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Speed machines: Disc brake tri bike round-up from the Ironman World Championships 2018

In the build-up to the 40th edition Ironman Triathlon World Championships at the weekend, plenty of eye-catching new bikes were launched - and pretty much all of them with disc brakes...

With the world's first functional disc brake-equipped triathlon bike only launching two years ago (the Parlee TTIR), tri bikes for all their UCI-averse innovations have been pretty slow to adopt disc brakes. 

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Everything you need to know about disc brakes

That started to change last year, and this weekend it appears the triathlon world is moving to disc at the same rate as the bikes of the pro peloton, with all the major bikes launched at the Ironman World Championships in Kona being disc-equipped. Here's a quick round-up of the best of the bunch, with a few words from Steve Dunn of Quintana Roo on why tri bikes are finally starting to come dressed with discs...

Pinarello Bolide TR+


This is Pinarello's first tri bike, and former pro cyclist Cameron Wurf didn't do its reputation any harm at the weekend when he rode the 112 mile (180km) Kona bike leg in 4:09:06, smashing the bike course record. Pinarello say the storage boxes actually lead to an aerodynamic improvement compared to the time trial version of the Bolide as rode by Chris Froome et al, and the TR+ has spent plenty of time in the wind tunnel to refine aerodynamics. The geometry has been tweaked for tri, with a 35mm increase in the headtube to improve ergonomics and an 8mm lowering of the bottom bracket to make for better stability. If you want the top-of-the-range version with Shimano Dura-Ace Di2, it will set you back £11,000.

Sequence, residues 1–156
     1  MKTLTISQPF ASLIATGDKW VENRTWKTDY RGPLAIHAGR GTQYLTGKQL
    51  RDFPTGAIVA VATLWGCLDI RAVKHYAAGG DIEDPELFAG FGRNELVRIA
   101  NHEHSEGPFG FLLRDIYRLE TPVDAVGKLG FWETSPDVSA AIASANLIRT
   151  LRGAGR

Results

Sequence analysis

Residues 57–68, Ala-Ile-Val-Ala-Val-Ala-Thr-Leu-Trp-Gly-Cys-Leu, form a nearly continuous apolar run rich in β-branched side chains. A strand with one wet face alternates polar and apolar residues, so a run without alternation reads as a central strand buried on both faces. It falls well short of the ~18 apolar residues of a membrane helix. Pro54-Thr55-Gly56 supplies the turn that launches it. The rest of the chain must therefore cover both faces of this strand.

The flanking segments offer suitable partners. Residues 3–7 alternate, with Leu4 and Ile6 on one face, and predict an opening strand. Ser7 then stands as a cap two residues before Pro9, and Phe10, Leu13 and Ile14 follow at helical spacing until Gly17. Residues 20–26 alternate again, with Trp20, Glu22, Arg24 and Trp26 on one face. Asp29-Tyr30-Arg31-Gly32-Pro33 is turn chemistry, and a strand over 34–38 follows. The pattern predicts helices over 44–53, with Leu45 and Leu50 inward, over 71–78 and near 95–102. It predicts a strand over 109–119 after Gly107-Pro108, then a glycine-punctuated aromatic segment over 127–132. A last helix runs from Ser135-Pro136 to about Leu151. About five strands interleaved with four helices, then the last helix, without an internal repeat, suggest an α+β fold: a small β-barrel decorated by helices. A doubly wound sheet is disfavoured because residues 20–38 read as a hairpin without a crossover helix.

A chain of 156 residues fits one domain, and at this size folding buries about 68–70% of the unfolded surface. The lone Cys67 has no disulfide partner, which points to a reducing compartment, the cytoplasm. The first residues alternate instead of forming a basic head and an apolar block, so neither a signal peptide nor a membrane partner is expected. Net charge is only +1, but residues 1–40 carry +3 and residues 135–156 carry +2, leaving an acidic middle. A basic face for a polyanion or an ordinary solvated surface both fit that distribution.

Felt IA Disc 


Another bike that smashed a Kona course record, with Swiss superstar Daniela Ryf riding it to a 4:26:07 split on her way to an overall victory. The IA has a redesigned carbon chassis to accommodate the disc brakes, and they say offers greater aerodynamic efficiency, storage versatility and fit adaptability than its predecessor. Felt also say the ride quality has improved, and all their top pro athletes in Kona were convinced enough to race on the new bike. We don't have UK pricing yet, but in USD full bikes start from $5,799 and going up to $15,749 for the premium build.       ​


Specialized S-Works Shiv

spec shiv disc 1

This bike cause many of us to gasp (not all in a good way) when it was launched last week, but despite the divisive looks the totally revamped Shiv Disc did the second-place female finisher in Kona Lucy Charles no harm at all, also taking the second-fastest bike split of the day. This is the first new Shiv since 2011, and with disc brakes and that crazy huge 1.5 litre 'Fuelcell' at the rear it's had a radical overhaul. other highlights include a down tube storage box that can hold up to 12 gels, with further space behind it for flat repair kit, and a collapsable integrated front end which makes travelling with the bike easier. Want it? That'll be £10,999, available to pre-order now...

Quintana Roo PRFour Disc

quintana roo

With the bikes above all in five figure sums, Quintana Roo's new PRFour is a breath of fresh air, coming in at a very affordable £2,299 with plenty of trickle-down tech from their higher-end PRFive and PRSix disc tri bikes (the version shown with carbon rims costs a little more). It's got a rear tool box with a handy light on it and a front pouch for food, and it has TRP Spyre mechanical disc brakes with 12mm thru-axles front and rear. A comfy ISM PR 2.0 saddle and Profile Design's Wing base bars and T4+ alloy extensions complete the package.   

Ventum Road NS1